Friday, August 10, 2018


Yesterday, I stood under a blue tent in 80-degree temps at the side of a gravestone in Evergreen Cemetery delivering a homily for Marilyn Blackwell, aka Toni, Victoria Sullivan’s cousin and a good friend of mine. Toni died a few months ago in Lakeland, Florida, and we had traveled from Sewanee, Tennessee to Gettysburg, Pennsylvania where I performed a burial ceremony to inter Toni’s ashes.

Toni lived most of her life in Babson Park, a small town in central Florida, but she was born in Gettysburg, Pennsylvania, and her two sisters still reside there; her brother, in Philadelphia. Toni left Gettysburg to attend Webber International College in Babson Park, Florida and never lived in the East again. After she retired from her job as an administrative assistant with Florida Power and Light, Toni took up one-stroke painting, and perfected this art within a few years. She painted almost until the last months of her life, and we have many of her floral pictures, trays, pitchers, and flower pots that she decorated with fruit, flowers, and landscape art, including a lovely Florida sunset. Toni loved beautiful things and claimed that her interest originated with Gacky Thomas, her paternal grandmother. Both liked clothes, jewelry, china, and flowers, and Toni had a closet filled with bracelets, necklaces, rings, and earrings —a regular jewelry store in a corner of a bedroom. She wore colorful, flowing clothes and possessed a style that was definitely flamboyant. But Toni was more than decorative art to Vickie and me. She was a beloved confidante and a woman with inclusive views about all people.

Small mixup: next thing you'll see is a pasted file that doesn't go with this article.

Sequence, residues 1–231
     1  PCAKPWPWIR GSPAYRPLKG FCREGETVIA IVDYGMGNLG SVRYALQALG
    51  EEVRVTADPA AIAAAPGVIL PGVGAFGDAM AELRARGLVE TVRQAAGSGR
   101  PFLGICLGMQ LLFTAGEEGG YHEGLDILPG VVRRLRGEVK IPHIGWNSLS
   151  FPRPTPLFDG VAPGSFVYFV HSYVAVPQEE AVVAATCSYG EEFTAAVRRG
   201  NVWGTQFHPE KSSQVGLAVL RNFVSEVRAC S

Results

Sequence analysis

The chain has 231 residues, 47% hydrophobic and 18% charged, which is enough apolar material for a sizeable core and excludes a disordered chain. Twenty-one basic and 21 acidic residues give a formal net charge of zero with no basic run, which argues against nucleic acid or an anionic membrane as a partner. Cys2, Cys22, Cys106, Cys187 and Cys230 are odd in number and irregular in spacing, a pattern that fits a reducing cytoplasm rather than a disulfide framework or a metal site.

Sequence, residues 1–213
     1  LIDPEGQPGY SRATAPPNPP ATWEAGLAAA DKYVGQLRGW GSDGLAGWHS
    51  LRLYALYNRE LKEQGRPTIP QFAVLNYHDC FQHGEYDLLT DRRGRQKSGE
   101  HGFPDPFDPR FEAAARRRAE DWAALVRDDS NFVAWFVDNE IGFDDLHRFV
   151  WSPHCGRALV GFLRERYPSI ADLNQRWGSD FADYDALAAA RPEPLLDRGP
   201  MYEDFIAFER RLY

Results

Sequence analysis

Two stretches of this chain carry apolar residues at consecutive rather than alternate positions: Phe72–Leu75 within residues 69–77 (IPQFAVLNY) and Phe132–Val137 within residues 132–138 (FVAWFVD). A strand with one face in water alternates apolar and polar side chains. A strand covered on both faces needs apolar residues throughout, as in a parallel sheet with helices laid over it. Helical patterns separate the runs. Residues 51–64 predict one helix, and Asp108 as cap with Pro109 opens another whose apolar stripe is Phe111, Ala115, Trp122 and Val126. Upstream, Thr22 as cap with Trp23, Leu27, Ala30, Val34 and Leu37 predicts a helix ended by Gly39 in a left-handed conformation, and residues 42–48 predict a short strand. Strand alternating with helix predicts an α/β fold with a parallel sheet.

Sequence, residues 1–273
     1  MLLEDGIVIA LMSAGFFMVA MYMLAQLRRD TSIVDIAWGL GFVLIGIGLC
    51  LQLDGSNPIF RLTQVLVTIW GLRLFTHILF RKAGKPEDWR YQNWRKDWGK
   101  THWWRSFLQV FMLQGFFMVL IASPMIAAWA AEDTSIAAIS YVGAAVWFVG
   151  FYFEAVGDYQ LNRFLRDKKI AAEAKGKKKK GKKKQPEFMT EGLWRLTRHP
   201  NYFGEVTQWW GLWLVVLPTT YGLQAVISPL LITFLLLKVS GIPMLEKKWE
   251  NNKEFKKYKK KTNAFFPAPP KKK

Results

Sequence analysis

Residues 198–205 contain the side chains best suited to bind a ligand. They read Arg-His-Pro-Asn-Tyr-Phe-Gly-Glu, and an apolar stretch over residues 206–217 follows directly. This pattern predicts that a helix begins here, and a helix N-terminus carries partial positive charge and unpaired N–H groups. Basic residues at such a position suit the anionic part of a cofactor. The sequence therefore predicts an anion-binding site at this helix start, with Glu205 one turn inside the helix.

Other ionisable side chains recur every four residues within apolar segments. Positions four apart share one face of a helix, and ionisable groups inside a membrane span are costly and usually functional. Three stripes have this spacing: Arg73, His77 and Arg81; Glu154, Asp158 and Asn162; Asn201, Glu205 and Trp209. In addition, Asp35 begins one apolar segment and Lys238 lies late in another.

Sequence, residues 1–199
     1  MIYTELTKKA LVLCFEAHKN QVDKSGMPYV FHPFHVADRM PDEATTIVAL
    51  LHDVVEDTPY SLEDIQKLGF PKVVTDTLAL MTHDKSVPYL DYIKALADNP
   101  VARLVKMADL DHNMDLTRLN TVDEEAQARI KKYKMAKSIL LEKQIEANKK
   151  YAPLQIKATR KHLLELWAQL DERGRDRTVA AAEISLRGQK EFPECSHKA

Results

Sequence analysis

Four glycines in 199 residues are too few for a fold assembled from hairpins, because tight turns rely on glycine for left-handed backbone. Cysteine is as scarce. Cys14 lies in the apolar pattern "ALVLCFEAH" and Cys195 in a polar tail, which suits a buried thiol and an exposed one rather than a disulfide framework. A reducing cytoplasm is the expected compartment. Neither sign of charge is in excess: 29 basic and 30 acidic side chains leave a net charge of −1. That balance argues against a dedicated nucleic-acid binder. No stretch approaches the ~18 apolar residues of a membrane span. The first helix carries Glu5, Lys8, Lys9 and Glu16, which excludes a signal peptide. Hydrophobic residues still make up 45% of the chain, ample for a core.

Toni had a high IQ and wasn’t showy with it, but if you ever played a word game with her, as we did during a family getaway for women of the family at the Outer Banks in North Carolina, and you considered yourself a fair wordsmith, you soon learned that she could out-best you in a heartbeat. She suffered deeply at the end of her life, and I think she knew there wasn’t a supernatural remedy for the cancer that ravaged her body, but she opened her arms to her son, Chad, to her brother Ed, and to her sisters, Bev and Chris, dubbing them 'her angels.' Suffering was there for Toni, but so were strength and light. I was privileged to honor her yesterday, and when I came to the last paragraph of my homily, saying that “no love we ever bestow on those we care about is lost; it goes with them to God’s home, and it stays with us,” a great wave of emotion overcame me. It was a Moment.

Tomorrow, I’ll deliver another homily at a wedding reception for Gettysburg-born Thomas Armstrong and his beautiful Turkish-born Seda, here in Gettysburg, and I plan to quote from Rumi, one of my favorite poets. In two weeks, Thomas and Seda will return to Turkey where they're both employed.

The following morning, we’ll move on to Potomac, Maryland for a visit with Janis Grogan, a close friend of 58 years who befriended me in Electra, Texas just before my first daughter, Stephanie, was born. Jan chronicled and published a book entitled All My Life With You: A Memoir about her life and travels abroad with her husband Gene, who was head of operations in the worldwide oil patch — she and Gene moved 19 times and lived on five continents. After Gene’s death, Border Press also published a book of Gene’s love poems to Jan entitled Upon the Walk We Make Each Day. A copy of this book can be found in the Louisiana State Library, Baton Rouge, Louisiana and purchased online at Amazon.

Photographs by Victoria I. Sullivan

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